My Coronavirus Story: Patrik Herak (United Kingdom)

God is Bringing Us Together

Patrik HerakAS the Fresh Expressions Pioneer Leader for The Salvation Army in the seaside town of Margate, in the United Kingdom Territory with the Republic of Ireland, Patrik Herak and his wife, Ilona Herakova, oversee a vital ministry to members of the Roma community. He shared with Jo Clark (Programme Resources, International Headquarters) how his congregation – known as Armáda Spásy, Czech for The Salvation Army – has responded to the COVID-19 pandemic, and how God has made his presence felt more strongly than ever.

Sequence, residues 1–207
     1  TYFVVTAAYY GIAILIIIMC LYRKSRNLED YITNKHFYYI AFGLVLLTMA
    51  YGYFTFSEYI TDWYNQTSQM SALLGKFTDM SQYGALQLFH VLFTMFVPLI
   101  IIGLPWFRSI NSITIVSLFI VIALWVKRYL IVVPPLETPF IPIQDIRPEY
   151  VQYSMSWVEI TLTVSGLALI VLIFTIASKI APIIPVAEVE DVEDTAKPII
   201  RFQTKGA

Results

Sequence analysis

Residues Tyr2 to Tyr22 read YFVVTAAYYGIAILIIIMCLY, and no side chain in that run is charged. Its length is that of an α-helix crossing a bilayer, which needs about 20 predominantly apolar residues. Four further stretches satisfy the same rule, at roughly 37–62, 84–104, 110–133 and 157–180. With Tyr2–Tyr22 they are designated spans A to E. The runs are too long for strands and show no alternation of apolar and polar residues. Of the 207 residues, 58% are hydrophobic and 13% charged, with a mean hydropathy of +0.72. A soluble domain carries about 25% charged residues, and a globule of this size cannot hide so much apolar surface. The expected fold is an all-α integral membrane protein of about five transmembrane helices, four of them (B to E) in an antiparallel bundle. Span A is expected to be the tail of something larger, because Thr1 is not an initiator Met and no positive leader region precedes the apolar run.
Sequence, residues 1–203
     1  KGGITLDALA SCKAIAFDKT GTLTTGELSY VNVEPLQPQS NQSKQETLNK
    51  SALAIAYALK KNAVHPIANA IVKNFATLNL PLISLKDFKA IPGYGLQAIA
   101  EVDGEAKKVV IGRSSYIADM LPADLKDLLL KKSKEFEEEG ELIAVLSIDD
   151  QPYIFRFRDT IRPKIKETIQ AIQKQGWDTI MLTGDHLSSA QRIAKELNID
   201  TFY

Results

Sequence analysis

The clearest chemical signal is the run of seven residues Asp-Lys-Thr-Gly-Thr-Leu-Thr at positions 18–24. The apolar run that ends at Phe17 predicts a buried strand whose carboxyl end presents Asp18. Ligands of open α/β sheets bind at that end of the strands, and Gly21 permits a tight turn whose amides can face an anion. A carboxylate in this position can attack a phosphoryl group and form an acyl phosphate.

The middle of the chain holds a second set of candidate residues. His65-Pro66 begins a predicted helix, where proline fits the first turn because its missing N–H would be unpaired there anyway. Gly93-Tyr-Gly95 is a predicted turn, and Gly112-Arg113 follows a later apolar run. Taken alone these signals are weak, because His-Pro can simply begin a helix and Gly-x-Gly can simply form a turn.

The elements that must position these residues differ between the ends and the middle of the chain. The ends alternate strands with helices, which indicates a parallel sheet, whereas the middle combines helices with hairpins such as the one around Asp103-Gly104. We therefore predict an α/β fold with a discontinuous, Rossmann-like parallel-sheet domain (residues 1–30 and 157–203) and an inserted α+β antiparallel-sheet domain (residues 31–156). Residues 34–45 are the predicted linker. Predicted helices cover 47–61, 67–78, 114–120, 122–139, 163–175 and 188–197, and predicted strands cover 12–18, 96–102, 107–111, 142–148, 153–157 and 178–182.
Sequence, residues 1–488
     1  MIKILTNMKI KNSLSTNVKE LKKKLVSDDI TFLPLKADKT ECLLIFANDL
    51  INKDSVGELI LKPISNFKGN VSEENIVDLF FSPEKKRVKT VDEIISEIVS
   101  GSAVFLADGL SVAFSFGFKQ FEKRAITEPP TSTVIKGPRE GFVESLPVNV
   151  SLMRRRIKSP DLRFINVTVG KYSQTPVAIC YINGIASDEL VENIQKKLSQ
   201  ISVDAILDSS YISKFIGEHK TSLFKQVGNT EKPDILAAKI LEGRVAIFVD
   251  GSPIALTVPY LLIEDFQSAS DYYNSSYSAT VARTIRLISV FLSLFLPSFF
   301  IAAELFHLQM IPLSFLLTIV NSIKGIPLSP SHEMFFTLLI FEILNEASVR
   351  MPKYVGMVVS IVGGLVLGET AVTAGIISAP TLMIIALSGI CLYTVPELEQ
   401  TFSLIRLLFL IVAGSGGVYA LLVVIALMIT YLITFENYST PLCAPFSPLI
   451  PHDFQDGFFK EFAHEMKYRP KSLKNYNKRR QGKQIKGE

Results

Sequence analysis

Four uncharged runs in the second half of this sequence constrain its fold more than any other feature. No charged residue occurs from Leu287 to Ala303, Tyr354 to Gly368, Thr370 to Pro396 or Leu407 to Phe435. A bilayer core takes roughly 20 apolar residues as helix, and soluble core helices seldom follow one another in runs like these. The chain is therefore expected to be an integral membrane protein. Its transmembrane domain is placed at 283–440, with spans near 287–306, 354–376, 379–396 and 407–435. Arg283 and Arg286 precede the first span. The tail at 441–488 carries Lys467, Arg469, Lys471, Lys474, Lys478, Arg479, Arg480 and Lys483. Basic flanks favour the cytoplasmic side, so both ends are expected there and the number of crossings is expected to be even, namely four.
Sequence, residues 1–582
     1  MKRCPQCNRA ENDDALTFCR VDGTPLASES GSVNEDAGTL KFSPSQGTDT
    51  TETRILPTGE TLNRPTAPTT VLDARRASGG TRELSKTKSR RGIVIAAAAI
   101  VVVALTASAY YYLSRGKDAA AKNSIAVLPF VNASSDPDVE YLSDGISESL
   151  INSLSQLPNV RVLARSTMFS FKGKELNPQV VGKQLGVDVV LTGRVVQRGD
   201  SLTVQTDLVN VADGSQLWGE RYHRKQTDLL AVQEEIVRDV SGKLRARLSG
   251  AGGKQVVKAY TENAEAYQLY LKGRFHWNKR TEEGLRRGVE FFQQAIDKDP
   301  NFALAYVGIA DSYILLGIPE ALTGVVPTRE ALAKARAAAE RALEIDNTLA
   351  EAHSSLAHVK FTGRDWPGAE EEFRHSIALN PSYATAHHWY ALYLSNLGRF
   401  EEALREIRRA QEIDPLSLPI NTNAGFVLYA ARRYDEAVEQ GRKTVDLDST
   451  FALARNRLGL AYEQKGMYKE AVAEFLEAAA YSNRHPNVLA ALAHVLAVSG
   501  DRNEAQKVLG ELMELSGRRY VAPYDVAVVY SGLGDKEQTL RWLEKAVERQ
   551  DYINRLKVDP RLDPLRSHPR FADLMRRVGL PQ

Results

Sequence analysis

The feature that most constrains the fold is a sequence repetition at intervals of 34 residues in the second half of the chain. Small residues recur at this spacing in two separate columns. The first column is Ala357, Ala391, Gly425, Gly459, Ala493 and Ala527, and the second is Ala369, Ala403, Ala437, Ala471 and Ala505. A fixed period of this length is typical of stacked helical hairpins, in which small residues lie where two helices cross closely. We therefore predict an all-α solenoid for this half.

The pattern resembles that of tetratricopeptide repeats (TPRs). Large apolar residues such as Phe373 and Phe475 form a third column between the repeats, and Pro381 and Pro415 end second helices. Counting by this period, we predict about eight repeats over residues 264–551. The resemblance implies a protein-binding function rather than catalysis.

The first question I had when the COVID-19 lockdown started and the church ministry and worship meetings were closed, and we could no longer be together physically was: ‘How on earth can we go on in this pandemic?’

As a leader, from the very beginning people came to ask me all sorts of questions; they had so many doubts and fears. I knew immediately that I had to go to God to get answers for these people.

The leaders of each ministry group within the church (men, women, children and youth, worship, prayer, etc) came together with the Roma ministry coordinating pastors (Majors Kathryn and David Blowers) for conversation and prayer. We knew from God – and decided together as a team – that we had to go on.

For me, knowledge of the pandemic didn’t bring any fear; it was more like an opportunity to find other possibilities and ways of being and ministering. I saw this as a calling which God had given to me.